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How to Create Insurance Claims Professionals



For the insurance industry to survive and profit it is absolutely necessary that it maintains a staff of insurance claims professionals who can read, understand and apply the terms and conditions of the insurance policy , and keep all of the promises made by the insurance policy. In addition, the insurance claim has to be able to recognize and defeat attempts at insurance fraud while dealing ethically and in good faith with all insureds and claimants with whom the insurance professional comes in contact.

insurance and insurance claims books written by Barry Zalma and available on amazon.com and http://zalma.com/blog/insurance-claims-library/

Barry Zalma, Esq., CFE has created a library of insurance claims books and other materials to make it possible for insurers and their claims staff to become insurance claims professionals. Over the last 51

years he has been entitled to his life insurance, insurance and insurance fraud.

 Construction Defects and Insurance Volume One: The Structure, The Construction Contract, and Construction Defect Insurance Barry Zalma has updated and re-edited his seminal work Construction Defects Coverage Guide into the latest addition to Barry Zalma's insurance claims series of books and articles that will form the most thorough, up-to-date, expert-authored insurance claims guide available today Eight Kindle or Paperback Volumes at Reasonable Prices

Claims Professionals, Risk managers, producers, underwriters, attorneys (both plaintiff and defense), and business owners will benefit greatly from the ten volume guide. It is the perfect resource for insurance educators, trainers, and students whose role requires an understanding of insurance law.

The Eight volumes include:


This series of books is the latest addition to Barry Zalma's insurance claims series of books and articles that will form the most thorough, up-to-date, expert-authored insuran  Mold Claims Volume One: claims claims and litigation concerning mold, fungi and bacteria infestations. </p>
<p> Written by nationally-renowned insurance coverage expert Barry Zalma, a semi-retired insurance coverage attorney, consultant, expert witness and blogger, Mold Claims provides in-depth explanations, analysis, examples, and detailed discussion of: </p>
<p> • Mold; <br /> • Fung <img class=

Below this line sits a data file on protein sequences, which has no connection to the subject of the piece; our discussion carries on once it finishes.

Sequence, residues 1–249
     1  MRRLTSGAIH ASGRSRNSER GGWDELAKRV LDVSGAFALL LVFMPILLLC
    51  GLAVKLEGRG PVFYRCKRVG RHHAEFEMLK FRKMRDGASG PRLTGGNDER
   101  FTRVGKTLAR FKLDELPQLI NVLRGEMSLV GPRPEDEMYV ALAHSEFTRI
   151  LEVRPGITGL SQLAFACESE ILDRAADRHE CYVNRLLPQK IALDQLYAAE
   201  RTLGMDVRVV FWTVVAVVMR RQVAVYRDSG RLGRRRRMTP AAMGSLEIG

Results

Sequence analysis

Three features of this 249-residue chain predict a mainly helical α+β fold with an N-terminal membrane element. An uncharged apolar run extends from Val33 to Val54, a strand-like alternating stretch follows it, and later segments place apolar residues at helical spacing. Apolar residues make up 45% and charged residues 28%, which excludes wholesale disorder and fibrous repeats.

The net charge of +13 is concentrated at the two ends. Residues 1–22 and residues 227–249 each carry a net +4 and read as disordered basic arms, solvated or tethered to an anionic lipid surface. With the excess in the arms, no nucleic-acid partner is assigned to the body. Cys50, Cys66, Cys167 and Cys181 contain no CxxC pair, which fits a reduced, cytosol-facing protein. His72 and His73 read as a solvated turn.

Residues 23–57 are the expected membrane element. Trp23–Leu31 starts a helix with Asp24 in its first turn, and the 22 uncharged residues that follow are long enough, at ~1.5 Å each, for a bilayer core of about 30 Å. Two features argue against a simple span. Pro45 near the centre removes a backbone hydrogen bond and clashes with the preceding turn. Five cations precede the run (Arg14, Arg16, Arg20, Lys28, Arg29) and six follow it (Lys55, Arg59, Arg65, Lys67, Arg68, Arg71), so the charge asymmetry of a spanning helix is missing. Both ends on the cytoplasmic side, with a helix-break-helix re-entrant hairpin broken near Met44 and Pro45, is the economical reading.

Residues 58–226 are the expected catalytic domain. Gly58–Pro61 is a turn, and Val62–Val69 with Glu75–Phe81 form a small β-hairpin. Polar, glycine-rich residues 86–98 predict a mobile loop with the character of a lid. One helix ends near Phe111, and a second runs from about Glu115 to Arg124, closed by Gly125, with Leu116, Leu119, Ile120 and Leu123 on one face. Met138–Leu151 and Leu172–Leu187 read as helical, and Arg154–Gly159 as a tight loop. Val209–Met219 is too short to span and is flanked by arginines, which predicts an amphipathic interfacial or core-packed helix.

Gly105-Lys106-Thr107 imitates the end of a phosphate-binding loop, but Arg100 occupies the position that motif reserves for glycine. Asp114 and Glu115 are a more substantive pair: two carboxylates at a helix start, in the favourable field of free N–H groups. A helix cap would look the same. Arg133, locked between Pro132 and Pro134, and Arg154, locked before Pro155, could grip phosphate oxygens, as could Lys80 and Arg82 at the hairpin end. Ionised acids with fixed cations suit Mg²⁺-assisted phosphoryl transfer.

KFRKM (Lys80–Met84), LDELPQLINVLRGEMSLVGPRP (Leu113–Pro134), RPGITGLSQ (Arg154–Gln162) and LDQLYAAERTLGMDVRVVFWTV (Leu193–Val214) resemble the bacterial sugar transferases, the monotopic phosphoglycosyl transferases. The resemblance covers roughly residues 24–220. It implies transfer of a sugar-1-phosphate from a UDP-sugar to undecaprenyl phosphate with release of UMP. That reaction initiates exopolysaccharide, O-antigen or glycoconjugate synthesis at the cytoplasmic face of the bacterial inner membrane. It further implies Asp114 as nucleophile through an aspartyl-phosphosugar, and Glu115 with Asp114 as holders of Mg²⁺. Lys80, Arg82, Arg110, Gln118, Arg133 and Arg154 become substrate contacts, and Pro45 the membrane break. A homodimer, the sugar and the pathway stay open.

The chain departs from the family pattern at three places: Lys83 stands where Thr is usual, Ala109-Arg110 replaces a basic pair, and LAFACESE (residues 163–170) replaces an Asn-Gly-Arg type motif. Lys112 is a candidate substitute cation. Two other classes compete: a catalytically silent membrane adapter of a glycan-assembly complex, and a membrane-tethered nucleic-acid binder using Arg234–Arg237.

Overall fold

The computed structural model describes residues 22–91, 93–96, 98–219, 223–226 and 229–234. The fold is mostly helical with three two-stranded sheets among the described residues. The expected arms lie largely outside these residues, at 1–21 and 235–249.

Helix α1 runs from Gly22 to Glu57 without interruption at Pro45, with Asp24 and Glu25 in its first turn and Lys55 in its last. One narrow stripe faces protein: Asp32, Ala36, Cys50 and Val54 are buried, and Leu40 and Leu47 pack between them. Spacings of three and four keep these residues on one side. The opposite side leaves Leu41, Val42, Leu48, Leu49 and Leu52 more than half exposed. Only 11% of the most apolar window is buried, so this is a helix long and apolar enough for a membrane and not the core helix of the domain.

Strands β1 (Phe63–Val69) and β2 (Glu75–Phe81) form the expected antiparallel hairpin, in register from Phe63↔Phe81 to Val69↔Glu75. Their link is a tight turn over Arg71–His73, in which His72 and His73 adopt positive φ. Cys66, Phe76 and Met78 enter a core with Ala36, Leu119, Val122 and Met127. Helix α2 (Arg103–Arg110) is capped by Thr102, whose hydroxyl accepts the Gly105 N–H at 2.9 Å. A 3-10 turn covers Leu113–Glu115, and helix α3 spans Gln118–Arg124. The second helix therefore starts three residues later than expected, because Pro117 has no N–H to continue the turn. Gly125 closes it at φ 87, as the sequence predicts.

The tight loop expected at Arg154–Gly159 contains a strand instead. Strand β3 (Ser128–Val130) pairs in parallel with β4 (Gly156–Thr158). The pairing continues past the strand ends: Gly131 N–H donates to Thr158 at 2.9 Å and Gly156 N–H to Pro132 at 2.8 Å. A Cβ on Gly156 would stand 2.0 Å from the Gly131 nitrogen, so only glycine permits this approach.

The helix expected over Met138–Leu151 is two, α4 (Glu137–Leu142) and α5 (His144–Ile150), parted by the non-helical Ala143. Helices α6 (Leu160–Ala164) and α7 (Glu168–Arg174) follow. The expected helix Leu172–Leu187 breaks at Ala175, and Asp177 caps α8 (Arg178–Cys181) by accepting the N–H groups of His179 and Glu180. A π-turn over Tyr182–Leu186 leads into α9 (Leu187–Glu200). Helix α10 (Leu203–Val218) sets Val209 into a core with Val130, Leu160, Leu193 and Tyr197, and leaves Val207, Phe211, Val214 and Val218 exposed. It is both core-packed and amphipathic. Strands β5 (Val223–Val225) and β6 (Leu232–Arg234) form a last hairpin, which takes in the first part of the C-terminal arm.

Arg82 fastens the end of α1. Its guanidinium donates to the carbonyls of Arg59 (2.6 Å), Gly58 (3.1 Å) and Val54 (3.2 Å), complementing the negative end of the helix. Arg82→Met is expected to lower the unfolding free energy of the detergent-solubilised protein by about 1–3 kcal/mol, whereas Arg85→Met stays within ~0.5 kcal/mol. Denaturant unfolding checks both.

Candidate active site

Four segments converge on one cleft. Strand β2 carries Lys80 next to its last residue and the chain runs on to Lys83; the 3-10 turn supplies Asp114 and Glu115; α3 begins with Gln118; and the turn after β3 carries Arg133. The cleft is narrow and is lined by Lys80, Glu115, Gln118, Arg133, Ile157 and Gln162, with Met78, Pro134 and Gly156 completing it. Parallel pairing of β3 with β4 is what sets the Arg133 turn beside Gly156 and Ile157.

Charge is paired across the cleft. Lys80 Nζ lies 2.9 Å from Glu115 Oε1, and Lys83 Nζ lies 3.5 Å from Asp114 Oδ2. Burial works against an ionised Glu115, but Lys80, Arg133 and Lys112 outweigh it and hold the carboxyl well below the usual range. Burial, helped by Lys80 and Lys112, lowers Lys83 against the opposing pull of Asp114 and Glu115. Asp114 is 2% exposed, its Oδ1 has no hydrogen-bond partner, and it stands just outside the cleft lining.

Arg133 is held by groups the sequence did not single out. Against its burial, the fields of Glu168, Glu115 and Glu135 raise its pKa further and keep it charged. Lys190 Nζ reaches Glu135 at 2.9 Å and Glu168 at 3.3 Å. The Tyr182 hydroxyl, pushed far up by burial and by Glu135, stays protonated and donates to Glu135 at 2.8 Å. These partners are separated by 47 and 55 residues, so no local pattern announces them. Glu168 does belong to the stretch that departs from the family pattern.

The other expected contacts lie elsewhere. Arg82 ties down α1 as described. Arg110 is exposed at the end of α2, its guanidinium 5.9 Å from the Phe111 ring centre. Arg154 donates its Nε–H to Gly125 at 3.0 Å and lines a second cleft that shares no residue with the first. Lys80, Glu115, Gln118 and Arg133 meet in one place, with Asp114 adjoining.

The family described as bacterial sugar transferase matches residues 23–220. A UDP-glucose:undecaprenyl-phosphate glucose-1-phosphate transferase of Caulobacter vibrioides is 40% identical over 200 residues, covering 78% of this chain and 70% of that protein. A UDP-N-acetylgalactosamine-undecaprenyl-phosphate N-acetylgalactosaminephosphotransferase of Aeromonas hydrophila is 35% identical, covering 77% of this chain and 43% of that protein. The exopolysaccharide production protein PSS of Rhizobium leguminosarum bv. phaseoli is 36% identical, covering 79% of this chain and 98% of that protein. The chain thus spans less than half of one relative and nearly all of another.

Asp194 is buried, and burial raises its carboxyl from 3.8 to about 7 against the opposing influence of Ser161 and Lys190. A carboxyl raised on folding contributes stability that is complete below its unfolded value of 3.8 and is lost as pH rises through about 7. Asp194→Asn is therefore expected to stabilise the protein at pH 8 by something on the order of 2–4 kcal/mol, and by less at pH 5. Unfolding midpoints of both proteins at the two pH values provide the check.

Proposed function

• Mo ld, fungi and bacteria claims; and
Mold, Fungi, Bacteria litigation

Mold Claims Volume Three: Understanding Insurance Claims and Litigation for Mold, Fungi, and Bacteria Infestations. ” width=”134″ height=”134″ data-search-image-load=””/> for any professional who works in or frequently interacts with the insurance industry or is involved in litigation. Claims professionals, risk managers, producers, underwriters, attorneys (both plaintiff and defense), and business owners will benefit greatly from the mold volumes. It is the perfect resource for insurance educators, trainers, and students whose role requires an understanding of insurance law as it relates to mold, fungi and bacterial infestations.

T  Mold Claims Volume Four: Understanding insurance claims and litigation concerning mold, fungi, and bacteria infestations he author has provided checklists, sample procedures, form letters, tables and information and references to model statutes, state statutes, administrative regulations, and requirements of insurance departments nationwide. is, and will always be, a business of the good faith.  Time to find the tort of bad faith: Insurance and the Law of Unseen Consequences All parties to the insurance contract agree, in good faith and fair dealing, to nothing to deprive the other of the benefits of the contract. Insurance is, and always be, nothing more than a contract.

The insurer makes a promise to the insured that if contingent or unknown loss occurs due to peril or risk insured against and not excluded, to pay the insured indemnity as The insured promises to truthfully disclose the risks of loss faced by the insured, the property owned by the insured, the business of the insured and the insured's liability exposures. The insured is also promulgated to present a claim honestly, proving the claim, and cooperating with the insurer in its investigation. If the parties to the insurance contract deal with each other fairly and in good faith the policy remains viable, claims are paid promptly and to the satisfaction of the insurer and the insured.

contract action and sue in tort. Breach of contract, by centuries old tradition, is not and should not be considered a tort. The Tort of Bad Faith has served its purpose and is now causing more problems than it solves. It is time for courts and state legislatures to return to common law contract damages.

Read about these and other insurance books by Barry Zalma at http://zalma.com/blog/insurance-claims-library/ [19659021] Like this:

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